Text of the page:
Body Appreciation

You have to understand, I’ve never had a body that looks like mine does now in my entire life.  For most of that life, this body has been enveloped in a thick layer of fat.  What I’m discovering underneath is thrilling.  I will admit I can’t walk past a mirror or reflective glass without taking a look and admiring my handiwork.  I’m sure this fascination will dim and fade as I get used to being in a fit and healthy body.  But right now, I’m still noticing the changes every day.

My waist is defined, my hips are narrowing, my shoulders have visible separations and divisions.  Most of the time when I look in a mirror, my reaction is “Damn, I look good!”

I could offset that statement by telling you about the imperfections my body still carries.  But I’m not going to.  I believe in focusing on the positive.  I’m not going to let the “flaws” negate the positive traits.  I love my body just the way it is, the way it was, and the way it is will be.  I am no longer waiting for perfection that will never arrive before I decide I can love myself.

If I could give one piece of advice toward the goal of accepting your body, it would be to let go of the idea of Perfection.  Let go of the idea that there is something wrong with you.  Let go of the notion that if you could look just a little better, you would be able to love yourself.  Realize that self acceptance is a choice completely independent of your physical appearance.  Realize that Perfection does not exist.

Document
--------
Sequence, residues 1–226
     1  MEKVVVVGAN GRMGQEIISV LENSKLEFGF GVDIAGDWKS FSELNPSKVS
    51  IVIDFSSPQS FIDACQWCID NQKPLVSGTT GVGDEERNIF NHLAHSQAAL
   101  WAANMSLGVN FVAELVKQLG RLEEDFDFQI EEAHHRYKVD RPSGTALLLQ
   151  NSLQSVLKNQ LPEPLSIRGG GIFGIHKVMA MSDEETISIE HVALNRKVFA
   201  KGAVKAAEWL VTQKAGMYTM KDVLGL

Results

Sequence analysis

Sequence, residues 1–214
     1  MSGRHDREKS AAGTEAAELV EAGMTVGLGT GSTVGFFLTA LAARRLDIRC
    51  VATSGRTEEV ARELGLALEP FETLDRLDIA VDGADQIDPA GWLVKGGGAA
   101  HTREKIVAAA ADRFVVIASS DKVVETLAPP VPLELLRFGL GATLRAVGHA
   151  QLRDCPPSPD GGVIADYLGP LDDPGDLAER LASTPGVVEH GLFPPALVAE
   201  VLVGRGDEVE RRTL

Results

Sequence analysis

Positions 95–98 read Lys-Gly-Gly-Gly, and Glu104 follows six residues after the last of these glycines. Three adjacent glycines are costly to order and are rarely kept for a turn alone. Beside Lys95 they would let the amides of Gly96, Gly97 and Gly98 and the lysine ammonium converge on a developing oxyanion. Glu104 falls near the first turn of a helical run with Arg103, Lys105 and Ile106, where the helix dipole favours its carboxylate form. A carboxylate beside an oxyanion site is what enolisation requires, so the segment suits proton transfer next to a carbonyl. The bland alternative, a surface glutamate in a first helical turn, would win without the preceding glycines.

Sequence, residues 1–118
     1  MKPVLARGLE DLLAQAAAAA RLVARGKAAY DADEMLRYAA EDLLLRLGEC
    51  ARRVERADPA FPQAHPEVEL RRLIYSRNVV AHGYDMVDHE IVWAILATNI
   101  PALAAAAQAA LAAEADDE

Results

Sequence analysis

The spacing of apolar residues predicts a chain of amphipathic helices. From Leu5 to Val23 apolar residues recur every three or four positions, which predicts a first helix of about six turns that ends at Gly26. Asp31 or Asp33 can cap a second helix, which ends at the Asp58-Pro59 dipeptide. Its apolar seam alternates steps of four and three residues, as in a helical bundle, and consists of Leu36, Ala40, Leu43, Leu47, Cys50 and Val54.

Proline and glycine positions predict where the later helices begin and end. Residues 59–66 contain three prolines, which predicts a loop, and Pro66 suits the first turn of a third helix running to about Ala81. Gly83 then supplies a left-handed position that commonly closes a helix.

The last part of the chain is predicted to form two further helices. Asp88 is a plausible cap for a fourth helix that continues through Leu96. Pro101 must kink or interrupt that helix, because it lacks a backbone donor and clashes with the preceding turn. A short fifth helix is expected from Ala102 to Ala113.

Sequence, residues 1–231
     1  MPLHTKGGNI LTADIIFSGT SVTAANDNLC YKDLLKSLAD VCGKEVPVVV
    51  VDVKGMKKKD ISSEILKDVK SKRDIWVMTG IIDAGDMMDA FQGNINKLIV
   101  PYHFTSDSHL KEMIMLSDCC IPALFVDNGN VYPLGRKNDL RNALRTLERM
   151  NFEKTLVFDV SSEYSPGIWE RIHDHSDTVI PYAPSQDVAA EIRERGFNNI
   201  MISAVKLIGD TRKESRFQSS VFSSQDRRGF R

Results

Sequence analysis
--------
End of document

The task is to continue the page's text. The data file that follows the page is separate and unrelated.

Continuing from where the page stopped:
There was a big part of me that simply would not do this for the longest time.  I was afraid to let go of it.  I thought that letting go of the idea that I should be perfect was giving up and a cop out.  If I just tried harder, I would be perfect.  Only ugly girls say you should love yourself the way you are.  Only fat girls say weight doesn’t matter.  I’m not sure where I picked up those ideas, but I did.  I was afraid that the only thing separating me from the perfection that could be mine was my own lack of effort.  And I beat myself up for it.